What’s your purpose in business? It’s to make a product or service that changes the world somehow. It’s not whimsical to think this way at all, because some of the best products ever to be created do just that, they change the way we all live. Some of the best-known products are of course the automobile, the computer, the hand watch and the smartphone. All of these things had to have a long arduous journey to the frontline for the consumer to purchase. These ideas had to be tested over and over to make sure they were as every inch as good as they could be. Sometimes, it is a matter of life and death if you don’t do your due diligence. Products of all kinds have to go through a testing phase whereby they are prototypes to begin with. Many small business owners don’t see the need for this, and others that do tend to get the whole process wrong. Maybe you have never really thought about it, but ask yourself what is the purpose of a prototype and what could it do for your business?
Mind over matter, or not?
The ideas we have in our minds only exist in the square of our imagination until we make them a reality. If you have worked in business for a long time you will know that preparing yourself for a less than ideal first attempt of your product is prudent. What you have in your mind of how the product will work and look like, stands a high chance of remaining just a thought. There will be multiple flaws in your initial design and it won’t pan out like you think it will. So when you see your product come to life for the first time, you can see how it will fit into the real world, how consumers might use it, what kind of weaknesses it has and what about the product you like best. So, one of the main reasons why you should produce a few prototypes is to examine and find any flaws that are inherent before you go for the redesign of final phase of production. You’ll also learn about your overall approach to product design as well so you won’t make the same misconceptions and mistakes next time.
Evaluating the performance
Prototypes are a brilliant way to gauge the performance levels of your product. For example, you are creating a hand cream for people with dry skin. You have decided on the chemicals and natural ingredients that you’re going to be using. This could be because you want something unique and you believe in your formula as it has showed you previous results in your own experience. However, what if you don’t have the amounts of the ingredients right, and one chemical or natural ingredient is too strong or too weak, then how can your product be of good use to the mass market? This is why conducting tests of your product is key for making sure you are performing as expected or possibly better.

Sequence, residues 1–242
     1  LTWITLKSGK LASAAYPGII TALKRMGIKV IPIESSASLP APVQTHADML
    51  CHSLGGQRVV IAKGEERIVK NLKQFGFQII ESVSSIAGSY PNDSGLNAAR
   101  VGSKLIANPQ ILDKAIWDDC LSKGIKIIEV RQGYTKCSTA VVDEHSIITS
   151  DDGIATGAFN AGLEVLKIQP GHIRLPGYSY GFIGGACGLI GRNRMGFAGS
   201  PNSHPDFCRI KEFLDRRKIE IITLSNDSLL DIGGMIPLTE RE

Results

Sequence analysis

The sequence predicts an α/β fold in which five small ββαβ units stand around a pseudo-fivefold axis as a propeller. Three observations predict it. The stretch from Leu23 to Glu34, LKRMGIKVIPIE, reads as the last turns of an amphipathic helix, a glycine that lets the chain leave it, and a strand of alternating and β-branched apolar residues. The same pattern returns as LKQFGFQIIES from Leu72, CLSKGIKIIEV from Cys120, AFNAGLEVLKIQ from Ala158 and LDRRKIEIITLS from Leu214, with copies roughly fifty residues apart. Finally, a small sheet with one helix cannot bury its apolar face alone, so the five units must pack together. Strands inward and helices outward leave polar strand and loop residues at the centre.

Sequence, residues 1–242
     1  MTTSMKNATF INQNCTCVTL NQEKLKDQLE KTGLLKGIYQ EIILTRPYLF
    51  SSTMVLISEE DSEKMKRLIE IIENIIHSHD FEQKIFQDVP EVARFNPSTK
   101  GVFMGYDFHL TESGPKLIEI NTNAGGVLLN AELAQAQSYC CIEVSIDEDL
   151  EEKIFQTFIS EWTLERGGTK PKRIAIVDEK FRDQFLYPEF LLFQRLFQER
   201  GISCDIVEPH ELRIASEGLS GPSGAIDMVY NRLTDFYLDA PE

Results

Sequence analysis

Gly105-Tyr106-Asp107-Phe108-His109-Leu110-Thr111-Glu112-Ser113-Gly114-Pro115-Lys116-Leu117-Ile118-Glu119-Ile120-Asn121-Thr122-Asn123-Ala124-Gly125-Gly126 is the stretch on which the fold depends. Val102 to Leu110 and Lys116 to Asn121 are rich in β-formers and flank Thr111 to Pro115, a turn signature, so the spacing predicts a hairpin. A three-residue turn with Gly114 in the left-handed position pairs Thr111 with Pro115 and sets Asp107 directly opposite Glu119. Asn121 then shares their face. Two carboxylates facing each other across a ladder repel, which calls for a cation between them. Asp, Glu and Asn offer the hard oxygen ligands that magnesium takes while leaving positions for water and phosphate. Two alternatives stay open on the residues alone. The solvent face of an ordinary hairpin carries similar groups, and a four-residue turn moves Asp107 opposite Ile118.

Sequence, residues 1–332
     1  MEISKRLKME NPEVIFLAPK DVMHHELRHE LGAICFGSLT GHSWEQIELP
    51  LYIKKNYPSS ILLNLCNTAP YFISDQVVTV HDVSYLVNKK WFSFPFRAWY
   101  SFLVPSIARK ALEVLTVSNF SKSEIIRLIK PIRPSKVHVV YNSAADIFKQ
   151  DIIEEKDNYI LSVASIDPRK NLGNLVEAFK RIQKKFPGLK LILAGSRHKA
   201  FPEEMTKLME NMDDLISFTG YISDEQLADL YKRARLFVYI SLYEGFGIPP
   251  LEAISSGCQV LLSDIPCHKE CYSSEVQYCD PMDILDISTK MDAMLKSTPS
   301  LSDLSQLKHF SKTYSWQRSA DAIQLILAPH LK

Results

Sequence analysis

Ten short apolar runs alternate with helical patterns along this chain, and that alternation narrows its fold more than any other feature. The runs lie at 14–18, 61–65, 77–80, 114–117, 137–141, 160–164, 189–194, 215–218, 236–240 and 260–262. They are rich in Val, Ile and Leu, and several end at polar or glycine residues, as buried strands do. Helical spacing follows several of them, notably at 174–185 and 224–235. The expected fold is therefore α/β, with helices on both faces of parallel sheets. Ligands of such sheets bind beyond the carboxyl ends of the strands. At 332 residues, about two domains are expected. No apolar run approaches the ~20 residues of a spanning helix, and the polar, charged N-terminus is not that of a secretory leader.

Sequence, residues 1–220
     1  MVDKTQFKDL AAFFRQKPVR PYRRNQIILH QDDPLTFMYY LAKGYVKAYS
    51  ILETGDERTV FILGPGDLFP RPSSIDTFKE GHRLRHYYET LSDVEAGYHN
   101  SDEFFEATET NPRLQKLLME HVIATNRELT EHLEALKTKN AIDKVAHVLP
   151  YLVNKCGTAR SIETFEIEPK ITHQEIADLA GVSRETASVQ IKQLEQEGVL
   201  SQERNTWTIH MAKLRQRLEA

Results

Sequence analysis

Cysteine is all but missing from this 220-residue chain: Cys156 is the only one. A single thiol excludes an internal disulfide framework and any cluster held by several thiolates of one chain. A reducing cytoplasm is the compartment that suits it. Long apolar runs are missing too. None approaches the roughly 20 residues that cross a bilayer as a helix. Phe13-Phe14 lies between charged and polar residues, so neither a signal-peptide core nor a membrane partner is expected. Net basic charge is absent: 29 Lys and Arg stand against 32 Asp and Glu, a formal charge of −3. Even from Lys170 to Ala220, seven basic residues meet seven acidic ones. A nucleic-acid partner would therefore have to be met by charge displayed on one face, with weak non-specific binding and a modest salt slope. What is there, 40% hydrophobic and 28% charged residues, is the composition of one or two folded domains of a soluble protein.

You would do this by hiring voluntary test subjects such as members of the public who are looking for a new brand to try for their own needs. By conducting interviews and assessing the how well their hands have cleared up of eczema and dry patches, your research and design department will be able to adjust the product to get better results.
Finding better options
The prototype phase is incredibly complex. It’s kind of like doing all the work of the real product before anyone even knows about its existence. Even then, a lot of changes can occur between the finished prototype to the final retail product. That’s why you need to tick off as many boxes as possible to make sure you don’t have an elongated period of no new releases. One of the many fruits that can be laid at your feet as a reward is finding better options for your product. For example, if you’re in the tech industry you will want to have any kind of edge over your rivals, such as making a product that can withstand heat better. Consider engaging with a company that offers electronics prototype development which can use unique industry knowledge to give you the options for better materials. It’s a custom development service so they work directly with you at all times. Not only does the company take into account your blueprints and wishes, but it will use its past knowledge to guide your business in the creation of superior designs and quality.
Unearthing the true costs
It’s all about drawing the true picture of the overall costs of the product that will go into final production. That’s why prototyping has another benefit to this endeavor as you will be shown the eventual costs of making the product when it comes to finally filling the shelves of your retail store distributors and warehouse inventory storage. Your own expectations might drastically change themselves. As aforementioned, you might have wanted to make a product in copper, but after the testing and evaluation of the performance, you had to go with iron instead. This will inevitably change the costs of your overall material acquisition. However, it’s not just about the costs of what you need because what about the company that you will choose to manufacture your product? Because the costs have either increased or decreased, this will need to be worked out with the manufacturer as they will foot the bill for the production initially. Time is money, so knowing how long it will take to manufacture a product that is made from iron as opposed to copper, is also going to be crucial to your business.
Prototyping is all about learning about what you’re capable of and what your product is capable of. Evaluate and test the performance of your product so you can see if there are inherent design flaws or material choices that don’t cut the mustard with regards to quality. You’ll also therefore be better placed to find better options and perhaps work with a company to help you understand where you’re going wrong.